Wales politics

Anonymity concerns over draft assembly conduct plan

Harrassment Image copyright Getty Images
Image caption The policy comes in response to allegations of harassment in Westminster politics

An interim policy to tackle inappropriate behaviour in the assembly should do more to ensure AMs keep complainants anonymous, a charity has said.

The plan was backed with wide cross-party support in a vote on Wednesday.

But equalities charity Chwarae Teg says it is unclear that AMs under investigation will be expected to protect the identity of a complainant.

The Assembly Commission stressed that more work on the policy is underway.

The new Dignity and Respect Policy, which aims to regulate assembly members' public and private conduct, comes in response to allegations of inappropriate behaviour within Westminster politics that surfaced last autumn.

It aims to clarify what constitutes unacceptable behaviour, make it easier for victims to report such instances, and would apply to all assembly members, their staff, assembly office holders and contractors while working.

But the policy, which sits alongside the present code of conduct, goes further for assembly members themselves.

According to the report it would "govern assembly members' behaviour at all times, in all places and in all contexts" including where the AM "is acting as a private individual" and if they are "on holiday".

The policy itself notes that it will "usually be necessary to reveal your identity to the person you are complaining about, to ensure that they are treated fairly."

Image caption Cerys Furlong said it is unclear if AMs will be expected to protect the identity of a complainant

Chwarae Teg's chief executive Cerys Furlong said it is "unclear whether an AM under investigation will be expected to protect the identity of a complainant and whether there will be repercussions for these details being leaked".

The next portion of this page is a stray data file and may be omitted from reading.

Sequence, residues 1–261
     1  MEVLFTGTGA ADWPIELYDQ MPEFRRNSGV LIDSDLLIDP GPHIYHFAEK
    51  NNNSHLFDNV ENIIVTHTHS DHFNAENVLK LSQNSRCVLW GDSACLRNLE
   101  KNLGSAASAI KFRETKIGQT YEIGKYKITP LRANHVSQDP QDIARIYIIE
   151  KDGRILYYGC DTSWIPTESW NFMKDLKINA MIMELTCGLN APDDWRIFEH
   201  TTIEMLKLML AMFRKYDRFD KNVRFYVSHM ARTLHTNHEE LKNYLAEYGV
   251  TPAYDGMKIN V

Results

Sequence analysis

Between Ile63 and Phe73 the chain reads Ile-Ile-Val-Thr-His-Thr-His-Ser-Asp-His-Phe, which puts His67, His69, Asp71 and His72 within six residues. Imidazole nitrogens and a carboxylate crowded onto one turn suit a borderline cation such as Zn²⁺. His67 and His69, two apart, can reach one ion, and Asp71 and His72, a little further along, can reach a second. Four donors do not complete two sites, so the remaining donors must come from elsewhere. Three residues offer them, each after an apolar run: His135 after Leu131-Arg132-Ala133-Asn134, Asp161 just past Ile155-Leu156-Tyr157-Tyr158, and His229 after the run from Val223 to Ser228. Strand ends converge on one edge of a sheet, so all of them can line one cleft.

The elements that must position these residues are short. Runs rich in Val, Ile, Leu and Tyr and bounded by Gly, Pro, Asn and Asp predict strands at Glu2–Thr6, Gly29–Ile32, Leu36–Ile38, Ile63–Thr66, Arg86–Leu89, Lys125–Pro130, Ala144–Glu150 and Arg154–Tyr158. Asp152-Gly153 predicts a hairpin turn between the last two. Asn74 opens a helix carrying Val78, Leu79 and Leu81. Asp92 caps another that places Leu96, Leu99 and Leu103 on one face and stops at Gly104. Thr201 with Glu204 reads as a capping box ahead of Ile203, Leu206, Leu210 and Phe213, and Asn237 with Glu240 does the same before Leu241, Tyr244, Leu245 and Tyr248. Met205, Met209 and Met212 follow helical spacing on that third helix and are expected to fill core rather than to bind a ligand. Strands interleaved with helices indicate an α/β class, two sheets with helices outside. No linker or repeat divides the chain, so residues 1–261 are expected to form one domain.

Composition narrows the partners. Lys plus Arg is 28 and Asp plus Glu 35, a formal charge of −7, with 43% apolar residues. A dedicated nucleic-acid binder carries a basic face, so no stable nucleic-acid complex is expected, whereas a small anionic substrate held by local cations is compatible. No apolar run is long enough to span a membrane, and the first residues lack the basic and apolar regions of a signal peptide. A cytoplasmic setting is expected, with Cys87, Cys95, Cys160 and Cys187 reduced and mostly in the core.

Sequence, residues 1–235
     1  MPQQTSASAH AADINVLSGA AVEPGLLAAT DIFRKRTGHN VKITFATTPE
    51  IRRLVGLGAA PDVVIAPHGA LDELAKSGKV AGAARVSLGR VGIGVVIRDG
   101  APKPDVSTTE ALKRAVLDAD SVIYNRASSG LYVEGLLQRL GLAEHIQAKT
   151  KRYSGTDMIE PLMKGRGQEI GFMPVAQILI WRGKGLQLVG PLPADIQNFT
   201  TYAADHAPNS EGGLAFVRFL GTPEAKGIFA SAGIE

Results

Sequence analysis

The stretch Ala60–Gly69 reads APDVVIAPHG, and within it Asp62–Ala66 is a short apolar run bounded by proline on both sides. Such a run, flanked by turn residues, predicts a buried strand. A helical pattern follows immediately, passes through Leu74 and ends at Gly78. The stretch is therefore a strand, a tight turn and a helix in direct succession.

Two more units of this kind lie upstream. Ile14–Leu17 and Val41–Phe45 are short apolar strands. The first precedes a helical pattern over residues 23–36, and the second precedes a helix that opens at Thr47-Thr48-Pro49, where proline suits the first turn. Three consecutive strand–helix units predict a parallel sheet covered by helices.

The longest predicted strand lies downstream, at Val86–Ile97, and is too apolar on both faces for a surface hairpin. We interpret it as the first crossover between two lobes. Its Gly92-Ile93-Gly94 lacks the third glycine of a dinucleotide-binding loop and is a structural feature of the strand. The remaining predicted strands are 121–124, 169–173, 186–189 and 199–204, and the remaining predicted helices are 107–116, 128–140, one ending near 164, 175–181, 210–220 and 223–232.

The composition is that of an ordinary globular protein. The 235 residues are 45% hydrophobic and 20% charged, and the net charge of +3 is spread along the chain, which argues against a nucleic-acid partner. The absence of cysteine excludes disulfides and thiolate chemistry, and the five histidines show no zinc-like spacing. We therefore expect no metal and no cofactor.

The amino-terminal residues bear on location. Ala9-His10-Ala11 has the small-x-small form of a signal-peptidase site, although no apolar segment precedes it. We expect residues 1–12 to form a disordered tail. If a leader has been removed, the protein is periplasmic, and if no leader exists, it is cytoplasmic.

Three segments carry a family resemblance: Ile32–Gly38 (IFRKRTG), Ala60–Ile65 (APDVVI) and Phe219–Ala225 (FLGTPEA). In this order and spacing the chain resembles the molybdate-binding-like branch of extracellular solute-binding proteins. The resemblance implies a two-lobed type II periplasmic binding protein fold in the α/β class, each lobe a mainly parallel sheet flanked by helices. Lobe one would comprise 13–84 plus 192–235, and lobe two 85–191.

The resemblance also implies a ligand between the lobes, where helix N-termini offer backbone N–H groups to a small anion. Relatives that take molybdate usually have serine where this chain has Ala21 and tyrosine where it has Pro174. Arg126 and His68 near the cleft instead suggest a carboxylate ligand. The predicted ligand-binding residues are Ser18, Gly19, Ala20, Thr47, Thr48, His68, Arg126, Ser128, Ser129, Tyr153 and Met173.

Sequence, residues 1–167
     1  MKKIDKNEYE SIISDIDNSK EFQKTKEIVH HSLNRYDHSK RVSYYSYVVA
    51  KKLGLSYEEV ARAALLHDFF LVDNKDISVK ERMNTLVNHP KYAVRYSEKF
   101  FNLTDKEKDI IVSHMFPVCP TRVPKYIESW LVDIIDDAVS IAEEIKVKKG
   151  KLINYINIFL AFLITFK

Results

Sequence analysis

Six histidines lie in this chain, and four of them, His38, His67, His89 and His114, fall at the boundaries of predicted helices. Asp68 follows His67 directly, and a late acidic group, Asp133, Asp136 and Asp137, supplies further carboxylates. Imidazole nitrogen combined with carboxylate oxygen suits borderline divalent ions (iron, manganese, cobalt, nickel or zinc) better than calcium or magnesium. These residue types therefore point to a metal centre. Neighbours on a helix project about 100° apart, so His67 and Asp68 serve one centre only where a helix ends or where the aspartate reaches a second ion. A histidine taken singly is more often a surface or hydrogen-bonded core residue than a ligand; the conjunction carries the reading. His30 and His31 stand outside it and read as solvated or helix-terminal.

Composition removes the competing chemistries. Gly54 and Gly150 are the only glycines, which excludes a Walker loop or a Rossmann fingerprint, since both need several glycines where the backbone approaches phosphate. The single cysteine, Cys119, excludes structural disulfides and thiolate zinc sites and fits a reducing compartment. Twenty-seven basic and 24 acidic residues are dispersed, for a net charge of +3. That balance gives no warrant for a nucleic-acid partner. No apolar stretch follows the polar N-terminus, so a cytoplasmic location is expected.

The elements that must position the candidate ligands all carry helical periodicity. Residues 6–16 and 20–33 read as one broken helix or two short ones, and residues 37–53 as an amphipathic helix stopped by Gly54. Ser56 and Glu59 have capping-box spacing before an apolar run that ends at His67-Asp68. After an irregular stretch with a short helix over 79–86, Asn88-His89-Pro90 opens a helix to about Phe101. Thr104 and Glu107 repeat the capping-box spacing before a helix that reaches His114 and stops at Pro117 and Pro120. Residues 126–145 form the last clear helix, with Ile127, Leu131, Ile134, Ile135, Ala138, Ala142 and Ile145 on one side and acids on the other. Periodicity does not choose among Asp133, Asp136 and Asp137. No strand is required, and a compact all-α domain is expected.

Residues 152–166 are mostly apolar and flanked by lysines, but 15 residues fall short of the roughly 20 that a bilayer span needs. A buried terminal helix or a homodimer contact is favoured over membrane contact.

She said the policy is an "important step" towards tackling incidents of inappropriate behaviour.

But she added that the issue of social media is missing from the policy "and an area we would suggest requires urgent attention".

She said it is "vital that a culture is developed within Welsh public life that enables women to bring complaints without fear of targeted, sustained aggression and harassment, particularly on social media".

Image copyright Getty Images
Image caption The issue of social media also requries "urgent attention", Cerys Furlong said

Since November the Assembly's Standards of Conduct Committee has been carrying out a review of the existing code of conduct for assembly members.

But in March it announced that the review would take longer than expected "in light of the evidence heard," and that an expert advisor would be appointed to help with the work.

In the meantime, a new confidential phone line and email has been established for assembly staff, along with specific contact officers trained to deal with any allegations.

'Milestone'

Assembly standards committee member and Plaid Cymru AM Llyr Gruffydd said: "The Dignity and Respect Policy is intended to establish basic principles that everyone in the national Welsh assembly should abide by.

"The policy is not intended to deal directly with every possible context, but to be a milestone in the process of creating a culture of respect and dignity."

An Assembly Commission spokeswoman said: "We consulted with many external partners such the WCVA, Wales Audit Office, ACAS and Chwarae Teg to benchmark the draft policy, and their comments have been taken into account."

She said there will be more work underway - "and key to this will be the recommendations" of the standards committee, she said.

"In the meantime, this policy sets out the high standards of conduct that everyone in contact with AMs, or anyone associated with the assembly, can and should expect."

She added: "This policy covers all inappropriate behaviour that adversely affects the dignity of another person - that is, all unwanted behaviour."

Plaid, which backed the policy alongside Labour and the Conservatives, said it "must be seen as one small step on a much longer journey."

'Surveillance'

UKIP Wales said it also welcomed and supported the new policy.

But the group's leader Neil Hamilton later said it could lead to members facing "surveillance" by "outsiders".

In a debate in the Senedd he said the policy needed to be interpreted "proportionately and sensibly" so as not to infringe freedom of expression and right to privacy.

AMs approved the policy on Wednesday, 52 votes for and zero against.

There were two abstentions from independent AM Neil McEvoy and Mr Hamilton, although the rest of the UKIP group backed the policy.

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